In addition to Gymnema sylvestre, the ingredients are zinc, mint, sorbitol, and spirulina. Zinc works synergistically with the gymnemic acids. Mint and sorbitol are common ingredients in gum and breath mints, and they’re included for flavor. Spirulina is used for its natural blue color—it’s an algae-based superfood you may recognize from green juices and smoothies.

Why are sugar and curbing sugar cravings a focus of your work?

A primary focus of my research is the identification of risk factors that predict future obesity onset and the evaluation of interventions that prevent obesity. The overconsumption of high-sugar foods in the form of sugar-sweetened beverages, candy, and foods with added sugars is a key driver of the positive energy balance that causes obesity. Randomized experiments4 have provided evidence that the consumption of high-sugar foods contributes to excessive weight gain. For instance, one intervention designed to reduce sugar-sweetened beverage intake produced a reduction in weight gain compared to control participants. These studies highlight the health benefits of a low-sugar diet. And we have found that the higher response of brain reward circuitry5 to food cues and the anticipated consumption of high-sugar foods is a potent risk factor for excess weight gain.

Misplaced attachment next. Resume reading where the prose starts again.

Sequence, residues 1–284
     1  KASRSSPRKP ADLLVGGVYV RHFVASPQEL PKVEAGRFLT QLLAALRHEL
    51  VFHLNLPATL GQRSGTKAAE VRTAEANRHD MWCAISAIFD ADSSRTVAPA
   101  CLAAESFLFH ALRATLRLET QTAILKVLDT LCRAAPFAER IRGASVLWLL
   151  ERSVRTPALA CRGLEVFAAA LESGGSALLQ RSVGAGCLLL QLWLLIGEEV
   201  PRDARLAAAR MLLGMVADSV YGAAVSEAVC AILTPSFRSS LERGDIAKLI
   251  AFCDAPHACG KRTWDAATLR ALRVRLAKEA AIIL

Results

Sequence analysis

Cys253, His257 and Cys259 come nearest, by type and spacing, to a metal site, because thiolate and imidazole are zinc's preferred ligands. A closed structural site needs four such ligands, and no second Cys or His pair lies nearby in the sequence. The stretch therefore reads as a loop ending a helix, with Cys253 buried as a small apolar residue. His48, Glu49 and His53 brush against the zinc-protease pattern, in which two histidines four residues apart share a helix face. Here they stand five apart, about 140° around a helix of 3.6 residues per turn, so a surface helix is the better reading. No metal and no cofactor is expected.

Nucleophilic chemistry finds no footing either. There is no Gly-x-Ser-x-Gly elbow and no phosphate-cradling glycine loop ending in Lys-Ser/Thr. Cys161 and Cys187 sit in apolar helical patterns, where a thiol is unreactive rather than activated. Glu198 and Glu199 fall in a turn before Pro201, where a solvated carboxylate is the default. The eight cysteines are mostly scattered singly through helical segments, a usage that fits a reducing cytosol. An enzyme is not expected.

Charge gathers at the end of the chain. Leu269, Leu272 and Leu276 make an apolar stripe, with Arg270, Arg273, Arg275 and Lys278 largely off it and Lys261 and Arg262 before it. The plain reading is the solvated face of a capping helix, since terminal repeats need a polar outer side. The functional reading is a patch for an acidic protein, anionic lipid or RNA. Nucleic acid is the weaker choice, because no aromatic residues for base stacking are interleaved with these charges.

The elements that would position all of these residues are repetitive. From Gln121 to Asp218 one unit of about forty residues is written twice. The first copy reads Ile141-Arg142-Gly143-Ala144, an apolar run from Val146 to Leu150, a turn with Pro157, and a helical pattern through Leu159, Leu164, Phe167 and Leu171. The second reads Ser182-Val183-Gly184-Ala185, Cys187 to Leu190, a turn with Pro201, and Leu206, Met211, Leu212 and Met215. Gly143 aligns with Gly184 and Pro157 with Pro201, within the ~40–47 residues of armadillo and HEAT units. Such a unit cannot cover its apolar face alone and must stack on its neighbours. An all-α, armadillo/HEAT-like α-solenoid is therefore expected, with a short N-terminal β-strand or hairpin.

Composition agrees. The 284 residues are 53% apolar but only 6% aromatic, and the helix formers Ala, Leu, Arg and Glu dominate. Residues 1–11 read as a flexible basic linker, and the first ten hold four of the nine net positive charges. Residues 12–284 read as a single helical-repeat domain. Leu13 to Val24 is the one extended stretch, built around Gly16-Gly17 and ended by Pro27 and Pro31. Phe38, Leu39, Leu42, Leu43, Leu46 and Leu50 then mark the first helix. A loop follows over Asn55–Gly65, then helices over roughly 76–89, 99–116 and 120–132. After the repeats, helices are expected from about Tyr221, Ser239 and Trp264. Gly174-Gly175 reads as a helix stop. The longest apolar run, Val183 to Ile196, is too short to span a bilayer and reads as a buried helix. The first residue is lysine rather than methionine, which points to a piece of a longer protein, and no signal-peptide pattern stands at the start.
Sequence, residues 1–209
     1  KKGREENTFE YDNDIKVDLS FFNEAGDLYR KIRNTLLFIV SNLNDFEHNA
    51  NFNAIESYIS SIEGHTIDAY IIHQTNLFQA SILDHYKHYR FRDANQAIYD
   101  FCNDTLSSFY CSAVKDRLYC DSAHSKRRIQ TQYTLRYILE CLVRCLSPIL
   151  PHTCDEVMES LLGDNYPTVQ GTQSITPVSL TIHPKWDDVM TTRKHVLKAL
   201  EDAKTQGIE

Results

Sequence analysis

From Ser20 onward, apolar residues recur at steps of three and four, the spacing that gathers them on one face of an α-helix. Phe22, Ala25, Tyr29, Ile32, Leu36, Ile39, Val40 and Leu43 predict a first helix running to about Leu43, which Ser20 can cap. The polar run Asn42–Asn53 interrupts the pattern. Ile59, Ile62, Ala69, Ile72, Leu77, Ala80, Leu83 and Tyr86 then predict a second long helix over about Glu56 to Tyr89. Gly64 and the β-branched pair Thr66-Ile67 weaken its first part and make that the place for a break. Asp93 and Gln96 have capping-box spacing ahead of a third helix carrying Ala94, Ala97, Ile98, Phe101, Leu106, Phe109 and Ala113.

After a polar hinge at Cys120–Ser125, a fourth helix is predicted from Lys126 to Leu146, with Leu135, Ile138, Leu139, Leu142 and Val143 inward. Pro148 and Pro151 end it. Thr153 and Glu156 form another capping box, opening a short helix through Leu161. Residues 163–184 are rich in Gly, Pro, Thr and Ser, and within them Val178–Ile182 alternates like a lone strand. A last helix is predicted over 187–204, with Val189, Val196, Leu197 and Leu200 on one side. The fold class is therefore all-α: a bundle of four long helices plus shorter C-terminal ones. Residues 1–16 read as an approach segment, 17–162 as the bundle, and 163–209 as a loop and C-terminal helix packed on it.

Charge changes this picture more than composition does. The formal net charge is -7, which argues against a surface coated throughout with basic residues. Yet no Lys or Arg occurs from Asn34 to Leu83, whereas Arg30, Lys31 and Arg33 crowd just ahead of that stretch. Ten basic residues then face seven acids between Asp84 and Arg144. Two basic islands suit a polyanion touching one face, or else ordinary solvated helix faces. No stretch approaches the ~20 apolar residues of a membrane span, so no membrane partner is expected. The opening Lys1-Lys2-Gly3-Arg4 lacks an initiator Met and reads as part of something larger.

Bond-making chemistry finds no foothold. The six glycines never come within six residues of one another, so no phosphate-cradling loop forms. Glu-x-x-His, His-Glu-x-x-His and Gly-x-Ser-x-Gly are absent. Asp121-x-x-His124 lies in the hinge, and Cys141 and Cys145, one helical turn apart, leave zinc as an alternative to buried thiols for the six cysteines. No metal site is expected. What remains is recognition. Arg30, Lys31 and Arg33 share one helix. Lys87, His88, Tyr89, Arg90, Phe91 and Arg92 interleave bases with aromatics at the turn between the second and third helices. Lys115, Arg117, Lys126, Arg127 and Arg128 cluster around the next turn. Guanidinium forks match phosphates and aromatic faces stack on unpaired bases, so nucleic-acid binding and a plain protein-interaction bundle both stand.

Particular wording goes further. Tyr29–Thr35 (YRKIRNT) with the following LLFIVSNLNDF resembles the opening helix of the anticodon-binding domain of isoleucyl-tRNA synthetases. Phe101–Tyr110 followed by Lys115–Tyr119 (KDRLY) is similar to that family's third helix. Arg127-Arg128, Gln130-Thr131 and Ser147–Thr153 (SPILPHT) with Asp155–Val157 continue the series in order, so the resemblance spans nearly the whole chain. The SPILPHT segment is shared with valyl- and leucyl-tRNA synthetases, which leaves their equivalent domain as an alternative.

Randomized trials have found that obesity prevention programs that we have developed—involving nutrition and exercise education—produce a 40 to 50 percent reduction in future obesity onset compared to controls6 .

We haven’t tested this yet, but I hope to conduct randomized trials to evaluate whether Sweet Defeat used in isolation or in combination with proven interventions might reduce unhealthy weight gain.

What else can people do to help curb sugar cravings and balance blood sugar?

These emerging neuroscience findings suggest that breaking the association between sweet foods and pleasure may be the best way to reduce cravings for and intake of high-sugar foods. We have found that cognitive reappraisals and food response and attention training are other effective approaches.

This is how cognitive reappraisals work: When most people see sweet foods, such as candy, it causes increased activation of reward circuitry and deactivation of inhibition circuitry. Research has found that if instead of thinking about consuming the high-sugar foods, people think about the negative long-term health consequences of eating such foods, it reduces the activation of reward regions and increases the activation of inhibitory regions. We found that training individuals to use cognitive reappraisals when confronted by tempting high-calorie foods resulted in significantly smaller increases in body fat than those observed in control participants.